About Buying a PC for Vista Now
You know, there's nothing like the experience of waking up on Christmas morning, looking under the tree, and finding a coupon for a product that won't ship until January. That's the Christmas that Microsoft is envisioning for Vista fans this year, and I think it stinks. If Vista will be ready for volume-license customers in November, it should also be ready for consumers in time for the holidays. But the real reason that Vista isn't shipping until January is that Microsoft's PC-maker partners would cry foul. They don't want people buying Vista this holiday season. They want people to buy new PCs with Vista preinstalled. And because Microsoft distributes far more copies of Windows with new PCs than it could ever sell at retail, there's no reason to get its PC-maker partners up in arms. So, spread that holiday cheer and sleep tight knowing that Microsoft's partners, at least, are taken care of.
Eudora Goes Open Source
This week, QUALCOMM launched the final commercial versions of its Eudora email application and announced that it's moving the product to an open-source model that will be based on Mozilla's Thunderbird email application. Currently code-named Penelope, the upcoming open-source version of Eudora is due in early 2007 and will "look, act, and feel like Eudora." Although the underpinnings will be based on Thunderbird, QUALCOMM says that the new Eudora will continue to offer the unique features that Eudora fans love and appreciate, and the company is providing engineers to continue working on the product going forward.
Microsoft Opens Xbox Live Marketplace to PC Web Browsers
In a half-hearted move, Microsoft made a read-only version of its Xbox Live Marketplace--previously available to only Xbox 360-based Xbox Live customers--available via any PC-based Web browser. But you can't purchase or download Xbox Live Marketplace content from your PC--a flaw that renders the project rather worthless. If Microsoft can fix it so that users can at least download video content--which would often be more useful on a PC than on the Xbox--this will be a useful project. For now, it's just a waste of time.
Google Combines Writely, Google Spreadsheets ... Eh?
If I were to combine one utterly useless online service with another utterly useless online service, what would I get? A Microsoft Office killer? No, seriously. That's what Google is apparently attempting: This week, Google integrated its Writely online word processor with its Google Spreadsheets online spreadsheet maker and created the Frankenstein's monster now called Google Docs & Spreadsheets. Although I'm a big fan of the whole Web 2.0 thing, I guess I don't quite get the point of online productivity applications such as word processors and spreadsheets. Any computing device these days can utilize simple and free applications that can do much more than these online variants. Heck, even Palm devices come with good productivity applications now. This is an example of Google solving a problem no one has--and all because the company feels as if it needs to compete with Microsoft every step of the way. To send the message that Google is crazy, simply ignore this stupidity.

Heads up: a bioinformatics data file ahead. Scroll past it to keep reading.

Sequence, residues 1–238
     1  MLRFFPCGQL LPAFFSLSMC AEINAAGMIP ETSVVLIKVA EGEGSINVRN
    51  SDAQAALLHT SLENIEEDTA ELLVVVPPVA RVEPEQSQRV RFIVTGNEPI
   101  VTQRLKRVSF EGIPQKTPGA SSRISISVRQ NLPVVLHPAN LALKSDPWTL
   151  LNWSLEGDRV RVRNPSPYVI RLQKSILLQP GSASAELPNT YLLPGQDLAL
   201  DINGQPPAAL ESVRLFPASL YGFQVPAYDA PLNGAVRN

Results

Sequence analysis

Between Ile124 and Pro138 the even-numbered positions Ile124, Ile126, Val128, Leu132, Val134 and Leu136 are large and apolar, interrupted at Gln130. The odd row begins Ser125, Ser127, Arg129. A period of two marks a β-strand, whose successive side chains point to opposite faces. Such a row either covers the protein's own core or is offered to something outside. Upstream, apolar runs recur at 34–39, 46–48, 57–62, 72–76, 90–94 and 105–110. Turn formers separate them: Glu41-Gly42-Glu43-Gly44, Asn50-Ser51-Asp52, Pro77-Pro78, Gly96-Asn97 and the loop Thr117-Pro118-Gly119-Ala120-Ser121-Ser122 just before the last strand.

Muslim Groups Supposedly Claim Apple Store in NYC Is Blasphemous
This week, an insane report claimed that unnamed Muslim groups were supposedly complaining that Apple's cube-shaped New York City Apple Store was an insult to their religion because the structure resembles the sacred Ka'ba in Mecca. But descriptions of the store as an "Apple Mecca" aside, parts of the report seem bogus. For example, Apple has a "Genius Bar" in the store, a supposed affront to Muslim dictates about alcohol. But the Genius Bar doesn't serve drinks; it provides advice and product support. Further delving into this strange story reveals that it originated within an organization whose goal is to find the "worst possible quotes from the Muslim world and disseminate them as widely as possible." In other words, this one's pretty much a non-event--kind of like that Vista-licensing baloney.
Microsoft Isn't Delaying Mac Office 2007
This week, Microsoft announced that it's delaying the Macintosh version of the 2007 Microsoft Office system until mid-to-late 2007. Put another way, Microsoft announced this week that it isn't delaying the Mac version of Office 2007 until mid-to-late 2007. So which is it? Microsoft said that this week's announcement about its shipping plans for the Mac version of Office 2007 don't constitute a delay because the company had never previously announced shipping plans for the product. So there you go. It's just late compared with the Windows version--which, as Mac fans know, is par for the course.
Sony Tries with Walkman MP3 Player Again
You have to feel somewhat sorry for Sony, although the company gets points deducted for constantly shooting itself in the foot. This week, the onetime consumer electronics giant announced yet another attempt to enter the portable MP3 player market that Apple currently dominates. Sony is shipping a new Walkman device that looks curiously like its previous models, with a terrible twisting-knob controller. The Walkman does feature sound-canceling headphones, however. Those should help drown out the laughter. Give it up, guys. No one cares anymore.